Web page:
In fact, Slave… is in a sense the first instalment of a two-parter, as Franck’s ‘alter-ego’, Arion Superstar, who is introduced to us in that song, gets his full, bizarre story told in the following 12-minute epic Superstar. You want theatrical storylines? Try the tale of jet-setting rock superstar Arion and his shy, adoring fan Dolly who seemingly inhabit different worlds, until that is Arion gets kidnapped, robbed and thrown overboard by sexy pirates (yes, really!), before being rescued at the last moment from drowning by the passing boat of – you guessed it – daydreaming Dolly. All utterly and intentionally absurd and larger than life of course, but oh, how much fun will be had enacting this one on stage! Musically it’s an absolute gem, with washes of acoustic guitars trading places with big, rocking sections and a chorus sung by Franck’s regular collaborator Mary Reynaud in the guise of the wistful Dolly. Around three minutes in there is a glorious burst of staccato keyboard riffing bringing to mind prime early Marillion, which is sadly over all too soon. That’s often what you get on this record – things which make you prick up your ears but are never overplayed.
Another lengthy track follows this, in the shape of The After Effect, which uses an expansive yet highly melodic prog format in the same way that Magenta love to do, although spiced up with the odd little quirky, arresting Gentle Giant nod thrown in. It’s a simpler song in structure than Superstar, but it is very, very good. The oddly jazzy, trumpet-led The Game Of Life comes next, to blindside us all, just as we thought we had a handle on the album. It’s not the strongest thing on the album from a melodic sense, to these ears, but it breaks things up nicely before we get plunged into the next epic, closing the album ‘proper’. Asylum is another 11 minute beast, featuring Derek Sherinian on keys and Jimmy Pallagrosi on highly recognisable drums, which takes much of its cue respectfully from the Supertramp classic of the same name. Franck tips his hat to that song lyrically, with playful references to ‘Jimmy Cream’, playing ‘for fun’ and ‘dying for a smoke’. It’s another track which mixes the muscular, heavier, and even bluesy side of the band with a big, thick prog flourish, and it brings things to a tremendous close.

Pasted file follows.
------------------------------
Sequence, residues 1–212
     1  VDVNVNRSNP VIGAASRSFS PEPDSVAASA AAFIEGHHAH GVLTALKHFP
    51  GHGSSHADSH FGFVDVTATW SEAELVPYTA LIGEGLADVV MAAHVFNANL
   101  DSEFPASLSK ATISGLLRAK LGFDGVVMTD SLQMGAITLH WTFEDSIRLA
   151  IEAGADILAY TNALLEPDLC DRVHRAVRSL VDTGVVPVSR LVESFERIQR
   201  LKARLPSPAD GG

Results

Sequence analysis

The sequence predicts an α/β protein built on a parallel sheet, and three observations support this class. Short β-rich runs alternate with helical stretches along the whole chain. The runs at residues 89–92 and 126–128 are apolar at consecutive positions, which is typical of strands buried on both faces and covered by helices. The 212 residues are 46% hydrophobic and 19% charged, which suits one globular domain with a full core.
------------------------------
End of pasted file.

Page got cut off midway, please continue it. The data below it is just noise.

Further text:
Except it isn’t exactly the close. The vinyl version of the album ends there, but on the CD and digital versions we get a couple of acoustic-based pieces, labelled as ‘bonus tracks’. On The Road To Nowhere is a short, fully acoustic song whereas Beautiful Night is a more fleshed-out, yet still very restrained, seven minute ballad. After that come two genuine ‘bonuses’ in the shape of radio edits of (Love Is) The Answer and Slave To Rock ‘n’ Roll, though both are much better in their full versions.
To me, the album as a whole works ideally closing with Asylum, and I think of the two ‘bonus’ tracks afterward almost as encores, if you want just a bit more to round things off after the big finish. This is a splendid example of contemporary progressive rock using its influences as stepping stones to its own unique identity, and it manages that elusive trick of being accessible enough to grab the attention of the casual listener yet also having the depth and variety to satisfy the most demanding prog-head. In a fairer world, this would be a huge hit – though we know we don’t have one of those!
I wish I’d heard this when it first came out in late 2019, because it would have been in my Top Five for the year as sure as eggs is eggs (to quote another Genesis reference). Whatever the question is, this is The Answer.